Afar on the Open Polar Sea

Afar on the open polar sea I love to ride, with
Dr. Hayes and Sonntag by my side. We run on
A vigorous, close-hauled tack, approaching
Baffin Bay. Under the low-angled summer sun,
We steer a two-masted schooner amongst great
Arctic majesties: breaching whales with blowing
Plumes and ocean-swimming polar bears.

As we made the remote Greenland coast, we
Marvel at a myriad of architectural delights.
Like ancient pyramids and imposing Byzantine
Towers a hundred feet in height, icebergs gleam
And glisten in summer light, fresh water
Cascading from their flanks and ocean waves
Breaking on their carved-out breadths, crashing
With roaring might.

An Arctic boat journey begins, call of northern
Wild, leads in ice floes open and close beneath
Protesting brine. What marvelous sights we glean
Splendor of snow-crested mountains and plateaus,
Alluring desolate climes. By dog sledge we hunt
Polar bears against blowing snow and across
Frozen seas. As shots ring out, through ice
Hummocks the wounded beast escapes. Ravenous
For the kill, dogs howl for blood, red splashes
Congealing on frozen snow.

Afar on the open polar sea, I love to ride with
Dr. Hayes and Sonntag by my side. The Arctic’s
Noble hand rules mountains and moraines, a
Clockwork of proportioned time, as glaciers creep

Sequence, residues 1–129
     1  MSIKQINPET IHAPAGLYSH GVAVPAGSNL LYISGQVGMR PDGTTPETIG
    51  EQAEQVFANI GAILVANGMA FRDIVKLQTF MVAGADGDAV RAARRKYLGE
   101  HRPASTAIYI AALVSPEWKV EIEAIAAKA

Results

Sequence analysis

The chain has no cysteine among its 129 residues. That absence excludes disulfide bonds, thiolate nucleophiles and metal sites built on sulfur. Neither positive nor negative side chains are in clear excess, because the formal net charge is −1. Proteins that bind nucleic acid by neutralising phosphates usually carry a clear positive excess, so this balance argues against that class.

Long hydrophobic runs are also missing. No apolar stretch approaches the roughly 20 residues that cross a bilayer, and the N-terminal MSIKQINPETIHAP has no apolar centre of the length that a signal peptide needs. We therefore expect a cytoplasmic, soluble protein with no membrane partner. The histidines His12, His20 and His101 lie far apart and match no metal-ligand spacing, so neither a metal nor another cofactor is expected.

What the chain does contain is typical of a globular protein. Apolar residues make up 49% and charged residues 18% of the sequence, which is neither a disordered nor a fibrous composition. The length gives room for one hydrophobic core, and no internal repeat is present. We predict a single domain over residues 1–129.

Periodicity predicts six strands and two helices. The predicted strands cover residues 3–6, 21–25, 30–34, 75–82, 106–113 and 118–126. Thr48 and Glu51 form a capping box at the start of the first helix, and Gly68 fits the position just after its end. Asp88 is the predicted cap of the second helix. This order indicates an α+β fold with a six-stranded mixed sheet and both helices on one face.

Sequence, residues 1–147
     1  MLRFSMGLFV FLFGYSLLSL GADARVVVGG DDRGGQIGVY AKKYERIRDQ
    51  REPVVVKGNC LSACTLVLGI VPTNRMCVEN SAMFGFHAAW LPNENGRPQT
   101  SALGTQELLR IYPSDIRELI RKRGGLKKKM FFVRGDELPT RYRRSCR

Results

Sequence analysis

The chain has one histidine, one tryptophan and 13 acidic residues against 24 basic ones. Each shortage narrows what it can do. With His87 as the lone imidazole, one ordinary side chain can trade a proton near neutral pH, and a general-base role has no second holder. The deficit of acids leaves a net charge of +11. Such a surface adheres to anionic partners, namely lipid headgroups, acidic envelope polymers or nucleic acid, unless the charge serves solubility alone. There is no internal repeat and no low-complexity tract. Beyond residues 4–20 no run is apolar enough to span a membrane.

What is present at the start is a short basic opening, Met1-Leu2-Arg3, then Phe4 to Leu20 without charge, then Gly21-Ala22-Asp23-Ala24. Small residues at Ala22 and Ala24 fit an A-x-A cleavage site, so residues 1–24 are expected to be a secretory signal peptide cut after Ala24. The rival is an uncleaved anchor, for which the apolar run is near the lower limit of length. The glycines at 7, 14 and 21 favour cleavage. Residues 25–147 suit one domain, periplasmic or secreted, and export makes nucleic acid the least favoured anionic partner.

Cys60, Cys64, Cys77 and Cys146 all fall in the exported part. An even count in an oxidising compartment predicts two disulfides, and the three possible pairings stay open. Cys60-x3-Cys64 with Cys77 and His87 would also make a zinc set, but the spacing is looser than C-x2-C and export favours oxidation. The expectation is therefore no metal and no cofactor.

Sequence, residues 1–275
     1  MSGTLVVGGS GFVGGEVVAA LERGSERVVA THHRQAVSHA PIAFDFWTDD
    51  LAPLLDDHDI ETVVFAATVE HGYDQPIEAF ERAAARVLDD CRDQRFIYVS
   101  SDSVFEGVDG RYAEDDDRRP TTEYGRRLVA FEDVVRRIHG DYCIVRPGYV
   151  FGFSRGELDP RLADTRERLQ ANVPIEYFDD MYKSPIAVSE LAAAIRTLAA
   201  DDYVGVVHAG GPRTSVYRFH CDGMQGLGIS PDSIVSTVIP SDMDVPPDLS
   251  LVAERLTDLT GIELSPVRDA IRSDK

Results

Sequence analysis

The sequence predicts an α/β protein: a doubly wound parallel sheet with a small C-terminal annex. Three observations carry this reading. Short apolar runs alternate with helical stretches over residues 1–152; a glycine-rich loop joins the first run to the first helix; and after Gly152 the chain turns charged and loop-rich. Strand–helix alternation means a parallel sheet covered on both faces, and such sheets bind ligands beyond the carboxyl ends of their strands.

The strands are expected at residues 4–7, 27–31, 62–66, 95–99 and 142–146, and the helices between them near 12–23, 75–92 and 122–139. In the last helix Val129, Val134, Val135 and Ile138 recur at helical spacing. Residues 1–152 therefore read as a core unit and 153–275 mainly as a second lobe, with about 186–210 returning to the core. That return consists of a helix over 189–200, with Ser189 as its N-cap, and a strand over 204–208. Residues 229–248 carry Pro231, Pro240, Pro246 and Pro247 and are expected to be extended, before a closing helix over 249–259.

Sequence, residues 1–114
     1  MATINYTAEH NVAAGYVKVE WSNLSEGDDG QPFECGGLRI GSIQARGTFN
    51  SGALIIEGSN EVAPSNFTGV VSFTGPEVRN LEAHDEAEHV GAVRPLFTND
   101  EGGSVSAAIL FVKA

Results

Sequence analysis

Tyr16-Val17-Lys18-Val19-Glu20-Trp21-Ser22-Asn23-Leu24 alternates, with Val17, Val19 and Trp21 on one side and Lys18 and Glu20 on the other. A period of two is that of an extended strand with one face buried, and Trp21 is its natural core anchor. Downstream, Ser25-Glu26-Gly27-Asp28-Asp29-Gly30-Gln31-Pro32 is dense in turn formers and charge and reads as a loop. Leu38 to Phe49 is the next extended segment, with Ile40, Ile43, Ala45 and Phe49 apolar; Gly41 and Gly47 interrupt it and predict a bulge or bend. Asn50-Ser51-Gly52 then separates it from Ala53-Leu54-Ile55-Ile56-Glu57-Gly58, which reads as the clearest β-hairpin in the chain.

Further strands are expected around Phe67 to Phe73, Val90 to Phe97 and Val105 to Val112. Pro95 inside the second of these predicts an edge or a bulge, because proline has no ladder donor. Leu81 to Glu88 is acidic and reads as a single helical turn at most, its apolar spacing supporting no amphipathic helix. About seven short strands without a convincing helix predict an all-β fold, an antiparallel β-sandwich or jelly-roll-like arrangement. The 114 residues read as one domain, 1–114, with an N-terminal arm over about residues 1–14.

And a thousand shrieking winds penetrate mortal
Flesh of men to their weary souls. Sacrificing
Blackened fingers and toes are painful hazards,
Venturing too close to Captain Inglefield’s
Cloud-shrouded Ellesmere Land.

Beckons the Arctic night, a magical dome of stars,
Planets, and transparent light, reflections of a
Quiescent moon. Void of sun’s warmth, no
Blossom to adorn, Hayes and I venture into the
Frozen darkness, upon a groaning sea, lamenting
Sonntag’s death, the day cold won his life. In
Silent grief, we admire his sidereal passion,
Constellations that keep a constant vigil over
His solemn, rock-tomb grave.

Afar on the open polar sea, I love to ride with
Dr. Hayes by my side. We venture a thousand
Miles north to Grinnell Land, to reach the
Channeled narrows, to stand on lapping shores
Of the open Arctic Ocean. With sextant in hand,
An exhausted sighting made, and with only a
Transient polynya seen, we never lost faith or
Hope of returning to our dream, to Greenland
Shores and bays, stone-slab Viking ruins,
Remote and grisly plains, Land of Desolation.

This poem generally follows the thematic stanzas of Thomas Pringle’s longer poem, “Afar in the Desert.” It also incorporates images of Dr. Hayes’ second book,
The Open Polar Sea, including the death of his best friend, August Sonntag, who served as Hayes’ second in command and as ship’s astronomer.

Frances Hennessey has been fascinated with Arctic exploration for some time, and has concentrated on the writings of Isaac I. Hayes, MD. Frances writes 
informally on Arctic-related topics, and also writes poetry, some of which are vignettes of her reading and personal experiences. She tweets @OpenPolarSea
and has a poetry blog